Mike Tyson has eaten ear before (at the expense of Evander Holyfield) but at least he’s never eat pigeon. His ex-girlfriend, on the other hand, is a different story.
Tyson’s love affair with pigeons is nothing new (in fact, he’s admitted that his first ever fight was as a child, when he fought a “bigger” kid who had pulled the head off of one of Tyson’s beloved birds. In 2011 he had a pigeon racing reality show. And Adult Swim just announced that Tyson will team up with a sidekick pigeon in a new cartoon series.
So it shouldn’t have been a surprise to his ex-girlfriend that Tyson surrounds himself with pigeons. “They’re so much like people,” Tyson once said.
But in a recent interview with CBS New York’s WFAN, Tyson admitted that one of his ex-girlfriends became incensed with this pigeon obsession.
“I don’t know why you’re flying those damn birds,” he remembers her yelling. “You should be eating them.”
As though to demonstrate what she meant, she proceeded to cook, and eat one of his pigeons.
“That’s why she’s not my woman anymore,” he told the “Boomer & Carton” show.
Tyson’s pigeons are kept in New Jersey, and tended to by Vinnie Torre, a trainer and racer. Nowadays Tyson’s mighty picky when it comes to pigeons. He’s not interested in the riff-raff found on Brooklyn streets, ironically the same birds that drew him toward this obsession. Nowadays he’s looking for “the best bloodline …dominant personalities I want to breed.”
Although Tyson has been a pigeon lover since childhood, he only began racing pigeon as part of the Animal Planet show “Taking on Tyson.”
Pigeon racing is a whole lot popular than people realize. Racing a pigeon means releasing pigeons in the air (from a pre-determined location) and timing how long it takes for them to come “home.” Before you decide this sounds like your cup of tea, you should realize that the pigeons that are decorating your patio with their, well, talents, aren’t suited for the racing circuit. This sport requires “Racing Homers.” These birds are trained to be able to find their way home, even at distances upwards of 1,000 km.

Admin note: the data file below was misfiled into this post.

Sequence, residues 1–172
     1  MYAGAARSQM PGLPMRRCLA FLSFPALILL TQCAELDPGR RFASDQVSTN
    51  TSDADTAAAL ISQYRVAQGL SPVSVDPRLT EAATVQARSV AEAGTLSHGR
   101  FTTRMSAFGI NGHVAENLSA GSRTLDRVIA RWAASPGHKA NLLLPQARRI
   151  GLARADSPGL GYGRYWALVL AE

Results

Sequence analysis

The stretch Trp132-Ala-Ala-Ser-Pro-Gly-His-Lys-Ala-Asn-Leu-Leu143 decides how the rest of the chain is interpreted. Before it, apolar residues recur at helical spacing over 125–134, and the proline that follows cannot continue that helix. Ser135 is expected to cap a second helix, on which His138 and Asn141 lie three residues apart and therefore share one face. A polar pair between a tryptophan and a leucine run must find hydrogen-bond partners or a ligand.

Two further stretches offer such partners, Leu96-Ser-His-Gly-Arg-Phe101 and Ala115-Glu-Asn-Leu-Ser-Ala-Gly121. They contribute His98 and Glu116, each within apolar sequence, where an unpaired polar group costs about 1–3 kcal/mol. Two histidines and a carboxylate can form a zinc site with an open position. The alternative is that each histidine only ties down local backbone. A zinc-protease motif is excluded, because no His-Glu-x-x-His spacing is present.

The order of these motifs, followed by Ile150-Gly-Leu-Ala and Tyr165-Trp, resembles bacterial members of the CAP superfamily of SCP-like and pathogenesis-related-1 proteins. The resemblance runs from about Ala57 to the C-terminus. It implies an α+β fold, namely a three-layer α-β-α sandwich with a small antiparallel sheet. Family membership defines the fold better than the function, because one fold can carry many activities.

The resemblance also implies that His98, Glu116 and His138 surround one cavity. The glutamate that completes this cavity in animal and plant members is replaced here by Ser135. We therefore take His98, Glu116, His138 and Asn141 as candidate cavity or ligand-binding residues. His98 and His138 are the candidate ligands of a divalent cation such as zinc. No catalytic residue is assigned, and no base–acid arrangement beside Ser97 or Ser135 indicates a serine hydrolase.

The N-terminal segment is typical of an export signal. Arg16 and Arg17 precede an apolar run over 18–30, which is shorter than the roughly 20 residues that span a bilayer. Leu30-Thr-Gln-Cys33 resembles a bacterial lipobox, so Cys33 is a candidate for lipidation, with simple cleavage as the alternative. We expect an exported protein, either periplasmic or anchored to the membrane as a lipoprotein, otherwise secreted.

You might see pigeons as wild birds, or rats with wings as many city-dwellers proclaim. But they’re actually the oldest domesticated bird. Early domesticated pigeons were used to carry messages. In fact, some Pigeon Posts still exist today, although primarily for military purposes. Pigeon racing began in Belgium in the 1800s.
Of course, whenever there are animals involved, PETA will speak up. In 2012, PETA disclosed their evidence from a 15-month investigation, that showed that only 40% of pigeons, on average, make it home from a race. Injuries, getting lost, and falling victim to birds of prey are all responsible for the high-rate of a bird’s failure to return. And believe it or not, PETA claims they have evidence that some racers use performance-enhancing drugs on their pigeons.
Pigeon racing is fairly popular in the US. Florida and Coney Island are popular areas for formal racing. The sport is banned in Chicago, however. Many organizations (like Kiwanis Club) use pigeon racing as a fundraising event.
For anyone considering messing with Mike Tyson’s pigeons, consider this. Not only did he dump his then-ex-girlfriend for her culinary surprise; but as a child he went even further:
“One morning I woke up and found my favorite pigeon, Julius, had died. I was devastated and was going to use his crate as my stickball bat to honor him. I left the crate on my stoop and went in to get something. I returned to see the sanitation man put the crate into the crusher. I rushed him and caught him flush on the temple with a gigantic right hand. He was out cold, convulsing on the floor like an infantile retard.”
Thanks for sharing, Mike.
Oh, and for anyone who’s ever eating squab at a restaurant … surprise! You’ve eaten pigeon.